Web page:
A Note From Margaret Mcauliffe
You know when you’ve been told a story so many times that you start to tell it as your own? Well, I’d like to tell you mother’s version of my first ever, Irish Dancing class.
So I’m five years of age and by all accounts, a tripping-over-blades-of-grass brand of clumsy. She worries I’ll be bullied when I start school “and you already had the red hair” so asks around, what’s to be done. She gets some solid advice to send me to Irish dancing classes to, “straighten her out” and finds a class in my local primary school hall in Malahide. An hour after my first lesson, she finds me sitting cross legged on the floor, staring up at the school hall stage as the next class are preparing for their lesson. Now, I was quite a well behaved child, very laid back generally, but that day? I threw a strop. I would not stand up to leave the hall when my class was finished. “But Mommy!?! The big girls are on the stage!”
My Irish dancing teacher Máire Mhic Aogáin, told her I’d be fine to stay on and watch and to come back in an hour to collect me. An hour passes and she returns to find me similarly transfixed, having not moved an inch. She maintains that in that moment, as she held my tiny hand and looked down at my freckly face, she knew something had been ignited in me.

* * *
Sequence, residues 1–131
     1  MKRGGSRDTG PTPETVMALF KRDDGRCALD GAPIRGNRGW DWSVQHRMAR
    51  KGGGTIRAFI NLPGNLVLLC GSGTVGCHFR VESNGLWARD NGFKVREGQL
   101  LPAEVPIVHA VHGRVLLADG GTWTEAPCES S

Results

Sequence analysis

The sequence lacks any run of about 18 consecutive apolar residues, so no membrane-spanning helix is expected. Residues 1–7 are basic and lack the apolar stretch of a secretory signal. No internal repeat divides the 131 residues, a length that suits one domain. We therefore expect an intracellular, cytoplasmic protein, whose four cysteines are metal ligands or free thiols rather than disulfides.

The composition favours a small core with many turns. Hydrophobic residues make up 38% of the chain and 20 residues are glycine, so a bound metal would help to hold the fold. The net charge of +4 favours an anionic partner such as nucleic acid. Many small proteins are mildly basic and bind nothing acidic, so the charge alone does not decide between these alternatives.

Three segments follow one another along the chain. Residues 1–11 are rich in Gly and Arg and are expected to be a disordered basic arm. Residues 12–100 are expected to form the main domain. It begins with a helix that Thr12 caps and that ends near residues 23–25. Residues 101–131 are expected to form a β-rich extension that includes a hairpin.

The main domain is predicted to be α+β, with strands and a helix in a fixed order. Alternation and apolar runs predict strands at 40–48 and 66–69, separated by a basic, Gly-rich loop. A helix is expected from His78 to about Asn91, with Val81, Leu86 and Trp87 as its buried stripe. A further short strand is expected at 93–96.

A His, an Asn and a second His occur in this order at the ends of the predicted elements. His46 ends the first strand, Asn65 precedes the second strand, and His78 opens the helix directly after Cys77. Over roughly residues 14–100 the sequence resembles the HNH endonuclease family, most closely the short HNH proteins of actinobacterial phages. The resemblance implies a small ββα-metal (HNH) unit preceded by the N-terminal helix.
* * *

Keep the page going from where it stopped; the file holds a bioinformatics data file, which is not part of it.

I think every child radiates potential and deep curiosity and I think it’s that which drives their interest to understand their world and their place in it. I was lucky enough both to have found that interest and to have had parents that understood its importance to me.
So began my 18 year relationship with competitive Irish dancing. I learned the steps certainly, but more importantly I learned about skill and focus, I engaged with my peers and environment, I developed confidence, poise and grit. I learned graciousness through winning and humility in defeat.
I could not have envisaged so early on that my Irish Dancing hobby would lead me to touring in Australia. Having spent a considerable amount of time travelling throughout this wonderful country in a Wicked camper van ’06 – ’07, I’m wise to a few things ahead of time:
1. The ingredients in goon are not what you think, and
2. Eating an apple approaching airport security is not advisable.
My sincere thanks to Stefanie Preissner my Midas-touch mentor, director and friend. To Fishamble: The New Play Company for adopting my show after only its second performance and enabling me to tour the world under their trusted flag and to Rob Moloney my trusted companion, friend and stage manager extraordinaire for jumping on board this Australian tour. Thanks to everyone who supported Annie jigging her way across Australia now, 5..6…7… and off we go!
– Margaret McAuliffe
The Humours of Bandon plays from 16 – 18 May at Riverside.